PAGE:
The U.S. Supreme Court’s historic decision in Dobbs v. Jackson’s Women’s Health Organization should not have been a shock.
Justice Samuel Alito’s draft decision was illegally leaked nearly two months before, giving politicians on both sides plenty of warning. Not to mention 49 years of Republican promises to reverse Roe v. Wade.
Still, angry activists swarmed the streets in California, New York, Washington state and Washington, D.C., all jurisdictions with the strongest abortion protections. SCOTUS merely returned the issue to the states; it’s business as usual for the bluer swaths of the country.
The late Justice Ruth Bader Ginsberg was right: Roe was a bad opinion that warped our jurisprudence and politics for half a century. The deeply held issue of choice versus life always should have been left to voters; today, it finally is.
States get to decide? It's a key tenet of democracy
Spurred by necessity, Democrats are finally recognizing that power doesn’t reside only in the Beltway. Alicia Bannon, director of the Judiciary Program at NYU, advised abortion-rights allies that “the federal courts are only part of the story.”
“The United States is also governed by 50 state constitutions,” Bannon wrote in Politico, “each of which can potentially offer greater rights protections than the federal constitution.”
Congratulations on discovering something conservatives have touted for years. Federalism allows different states to come to different conclusions about all sorts of policies, allowing the most divisive issues to be solved by voters. Democracy is a wonderful thing.
Arizona impact: Most abortion services have now paused
Every grade-school kid learns about checks and balances: the legislative branch passes laws, the executive vetoes or signs and enforces them, and the judiciary holds each accountable. But there’s another check and balance that has long been forgotten: the states versus Washington, D.C.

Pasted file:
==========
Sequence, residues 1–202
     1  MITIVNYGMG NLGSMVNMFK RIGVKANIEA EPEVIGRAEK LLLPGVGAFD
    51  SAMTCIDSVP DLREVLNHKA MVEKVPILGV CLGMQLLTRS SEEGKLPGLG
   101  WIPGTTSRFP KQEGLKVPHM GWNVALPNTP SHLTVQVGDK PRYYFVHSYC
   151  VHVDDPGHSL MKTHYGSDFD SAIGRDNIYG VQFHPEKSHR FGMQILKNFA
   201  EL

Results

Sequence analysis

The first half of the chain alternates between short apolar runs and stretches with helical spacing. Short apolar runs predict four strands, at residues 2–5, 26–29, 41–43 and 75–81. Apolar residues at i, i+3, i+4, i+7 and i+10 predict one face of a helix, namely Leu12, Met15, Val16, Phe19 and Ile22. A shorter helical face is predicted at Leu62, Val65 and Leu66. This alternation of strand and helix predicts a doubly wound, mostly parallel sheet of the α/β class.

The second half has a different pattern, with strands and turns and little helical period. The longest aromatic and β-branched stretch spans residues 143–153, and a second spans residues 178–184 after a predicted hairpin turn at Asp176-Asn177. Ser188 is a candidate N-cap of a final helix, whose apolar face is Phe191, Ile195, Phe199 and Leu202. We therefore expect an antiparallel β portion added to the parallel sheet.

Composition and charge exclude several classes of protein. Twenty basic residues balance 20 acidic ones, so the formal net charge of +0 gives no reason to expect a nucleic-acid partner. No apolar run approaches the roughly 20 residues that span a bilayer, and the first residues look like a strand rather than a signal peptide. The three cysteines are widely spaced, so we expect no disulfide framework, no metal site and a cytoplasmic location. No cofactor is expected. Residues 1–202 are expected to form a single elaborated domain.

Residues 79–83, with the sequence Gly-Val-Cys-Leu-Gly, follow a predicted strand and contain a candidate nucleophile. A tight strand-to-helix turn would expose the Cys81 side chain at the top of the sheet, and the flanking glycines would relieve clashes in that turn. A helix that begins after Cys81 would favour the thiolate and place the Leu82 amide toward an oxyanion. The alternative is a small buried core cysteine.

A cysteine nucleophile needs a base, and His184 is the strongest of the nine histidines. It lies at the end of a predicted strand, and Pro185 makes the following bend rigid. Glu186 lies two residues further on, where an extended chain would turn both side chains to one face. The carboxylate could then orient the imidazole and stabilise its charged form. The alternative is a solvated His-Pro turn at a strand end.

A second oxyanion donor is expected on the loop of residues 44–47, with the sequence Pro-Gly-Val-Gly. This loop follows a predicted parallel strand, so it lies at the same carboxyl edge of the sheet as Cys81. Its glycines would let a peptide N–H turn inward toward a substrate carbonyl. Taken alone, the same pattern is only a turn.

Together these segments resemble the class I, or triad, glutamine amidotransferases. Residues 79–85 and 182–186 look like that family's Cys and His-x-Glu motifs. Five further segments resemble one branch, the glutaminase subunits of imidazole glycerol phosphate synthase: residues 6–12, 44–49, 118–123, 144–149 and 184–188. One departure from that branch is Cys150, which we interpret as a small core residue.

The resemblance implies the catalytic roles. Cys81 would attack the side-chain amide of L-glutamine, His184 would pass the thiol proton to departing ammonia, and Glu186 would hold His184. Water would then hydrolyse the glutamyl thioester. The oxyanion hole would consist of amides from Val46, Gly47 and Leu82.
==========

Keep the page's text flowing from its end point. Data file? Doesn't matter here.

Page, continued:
The Constitution instructs the federal government to manage only those issues that are truly national: foreign policy, national defense, protecting civil rights and the like. Everything else is up to the states.
Dobbs ruling actually empowers our democracy
California can follow the economic wisdom of Venezuela, Arizona can cut taxes and regulations, and Americans can move to whichever place serves them best. The United States has always been a diverse nation; federalism allows that diversity to bloom.
Albany, N.Y., and Austin, Texas, were never intended to march in lockstep.
Despite their institutional focus on federal lawsuits, the ACLU also has rediscovered the 50 states. Executive Director Anthony Romero advised progressives that the fight has moved from the courts to the statehouses.
“We must turn to the political process and increase pressure on elected officials – especially at the state and local level,” Romero wrote in The Nation. “State Constitutions will provide opportunities for new advocacy. We can enact constitutional amendments and pass ballot measures that expand abortion rights and access.”
In other words, both sides should follow the democratic process clearly laid out in the U.S. Constitution. Protesters shouting “democracy is dying” haven’t noticed that Dobbs empowers our democracy.
Yes, that means you need to vote
Of course, this means We the People need to get of our collective duff and vote for state leaders who will best represent our views. It might require a bit more reading and door-knocking on our part, but it’s better than leaving our gravest decisions to nine unelected robes in Washington.
Another side benefit of federalism is returning some measure of sanity to our judicial nomination process. Instead of making jurists run a gauntlet of smears, personal attacks and conspiracies, the Senate can focus on their legal qualifications, prior decisions and common sense.
Whether this latest round of decisions left you furious or elated, the Supreme Court has given each of us a homework assignment. We can’t rely on some judge on the other side of the continent to fix America.
That’s our job, just as the Constitution intended.
This article originally appeared on Arizona Republic: Abortion ruling gives Democrats an epiphany about democracy